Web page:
“I’m not afraid of them at all,” Yin says. “We would go help Taiwan fight against the CCP if China attacks Taiwan.”
‘Will I die here tonight?’
Jiang, who asked to only use his surname, thought he would not make it out alive. The 28-year-old, once a finance student in Australia, travelled to the edge of the jungle with four Venezuelans and two Chinese in late September.
On the first evening, they set up a tent close to a river after hiking up several inclines. But heavy rains came, and the water rose rapidly, soaking their belongings and forcing them to move. On the second day, Jiang’s companion was injured. Jiang helped carry his bag but lost his own tent along the way. Again, there were flash floods
“I was so tired, hungry and cold. I almost lost my mind,” Jiang says. Finally, he found an abandoned tent, but two men from Ghana and Cameroon were already inside. As the rain continued Jiang begged the two men to share it.
“We four men slept side by side, huddling for warmth,” Jiang says. Water kept seeping into their tent. “I asked the two men, ‘will I die here tonight?’ And they encouraged me, ‘Everything will be OK, we will leave here alive’.”
Jiang managed to trek through the Darién and continued on toward the US, documenting much of his trail, including being stopped and searched by authorities, meeting other migrants, and visiting tourist sites, on social media. He was detained at the US border for 51 days before passing the asylum screening interview. He says his phone, bank card, and several documents went missing in the meantime.
“I just want to have a peaceful life,” Jiang tells the Guardian over the phone. He’s just finished his shift at a Chinese restaurant in Hawaii, where he is working illegally while waiting for his asylum claim.
“The US is not ideal, but it is a place where I can be who I am.”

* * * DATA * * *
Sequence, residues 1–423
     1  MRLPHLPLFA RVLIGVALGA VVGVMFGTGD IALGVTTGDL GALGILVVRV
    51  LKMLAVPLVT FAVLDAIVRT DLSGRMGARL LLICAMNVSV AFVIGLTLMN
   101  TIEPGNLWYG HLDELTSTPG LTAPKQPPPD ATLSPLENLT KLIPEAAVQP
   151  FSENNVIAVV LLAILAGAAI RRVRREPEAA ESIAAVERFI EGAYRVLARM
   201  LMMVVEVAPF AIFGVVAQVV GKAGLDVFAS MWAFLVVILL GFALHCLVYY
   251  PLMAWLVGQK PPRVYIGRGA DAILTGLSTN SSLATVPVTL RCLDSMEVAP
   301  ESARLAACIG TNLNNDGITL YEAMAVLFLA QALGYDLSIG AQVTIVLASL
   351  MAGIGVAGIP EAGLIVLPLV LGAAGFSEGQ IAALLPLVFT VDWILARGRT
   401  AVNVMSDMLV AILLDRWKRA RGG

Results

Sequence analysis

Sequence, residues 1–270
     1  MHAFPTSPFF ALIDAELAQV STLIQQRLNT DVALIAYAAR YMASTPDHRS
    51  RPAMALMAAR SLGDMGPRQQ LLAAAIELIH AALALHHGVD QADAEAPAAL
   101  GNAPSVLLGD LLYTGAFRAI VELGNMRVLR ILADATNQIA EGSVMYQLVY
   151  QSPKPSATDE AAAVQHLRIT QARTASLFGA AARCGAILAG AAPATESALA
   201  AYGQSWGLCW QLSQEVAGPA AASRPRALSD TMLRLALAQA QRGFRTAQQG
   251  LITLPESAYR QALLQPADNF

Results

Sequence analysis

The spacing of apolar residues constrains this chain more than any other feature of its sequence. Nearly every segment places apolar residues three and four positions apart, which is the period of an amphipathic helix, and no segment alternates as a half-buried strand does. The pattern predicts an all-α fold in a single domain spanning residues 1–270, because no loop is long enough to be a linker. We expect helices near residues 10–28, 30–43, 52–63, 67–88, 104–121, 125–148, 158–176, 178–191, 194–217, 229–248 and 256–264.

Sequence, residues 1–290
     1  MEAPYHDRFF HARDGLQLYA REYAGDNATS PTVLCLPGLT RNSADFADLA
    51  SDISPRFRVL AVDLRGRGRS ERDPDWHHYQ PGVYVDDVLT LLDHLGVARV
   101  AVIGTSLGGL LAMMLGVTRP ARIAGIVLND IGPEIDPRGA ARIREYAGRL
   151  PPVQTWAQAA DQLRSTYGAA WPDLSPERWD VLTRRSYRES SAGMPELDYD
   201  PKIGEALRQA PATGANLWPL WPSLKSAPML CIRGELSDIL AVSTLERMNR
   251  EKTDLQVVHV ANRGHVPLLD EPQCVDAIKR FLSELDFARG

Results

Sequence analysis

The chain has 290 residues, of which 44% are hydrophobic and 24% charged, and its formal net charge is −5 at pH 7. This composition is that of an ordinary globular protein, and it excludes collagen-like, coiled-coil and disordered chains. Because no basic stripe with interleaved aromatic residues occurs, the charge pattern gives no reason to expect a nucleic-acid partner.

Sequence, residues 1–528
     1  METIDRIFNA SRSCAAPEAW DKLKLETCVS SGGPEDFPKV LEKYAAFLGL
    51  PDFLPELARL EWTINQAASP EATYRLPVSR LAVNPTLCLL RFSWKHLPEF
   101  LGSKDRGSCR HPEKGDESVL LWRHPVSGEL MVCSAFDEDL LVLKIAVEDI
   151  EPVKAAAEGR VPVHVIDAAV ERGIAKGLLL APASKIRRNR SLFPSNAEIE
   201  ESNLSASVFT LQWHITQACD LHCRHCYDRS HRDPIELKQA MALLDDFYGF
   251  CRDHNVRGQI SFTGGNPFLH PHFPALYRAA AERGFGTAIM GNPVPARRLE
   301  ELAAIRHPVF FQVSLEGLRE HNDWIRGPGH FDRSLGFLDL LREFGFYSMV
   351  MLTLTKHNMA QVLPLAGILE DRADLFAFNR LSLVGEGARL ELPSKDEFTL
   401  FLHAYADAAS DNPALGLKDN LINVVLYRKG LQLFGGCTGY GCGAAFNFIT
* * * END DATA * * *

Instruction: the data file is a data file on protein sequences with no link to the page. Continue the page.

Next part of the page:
The lure – and dangers – of the Darién Gap
Xu learned about his route through social media, where information about the crossing has spread, increasingly in Mandarin. Telegram groups with names like “United States DIY” or “run away to the US” have thousands of members. Migrants usually fly to Istanbul and then on to Ecuador, which is one of the few Latin American countries offering visa-free entry for Chinese nationals. From there, they travel by bus to Colombia, and Necoclí.
During zero-Covid, while Beijing prevented citizens leaving the country without “necessary and emergency” reasons, Xu spent months arranging his passport and a student visa to Italy through an immigration agent in China. He had no plans to obtain a degree – it was just an excuse for him to be allowed to leave.
He left Taizhou, in eastern Jiangsu province, on the morning of 25 November, avoiding a local lockdown by just a few hours. He travelled to Hong Kong, where his passport and documents were taken for several hours before he was allowed to board his flight to Thailand – an additional check against Chinese nationals attempting to migrate. “I was so nervous that I wouldn’t make it.”
Some migrants come from China’s working class, which suffered during the economic woes brought on by the pandemic. But many the Guardian meets, including a school teacher and a political prisoner, are middle class. On the same day the Guardian visits, more than 30 Chinese appear in the port town, including several families with children.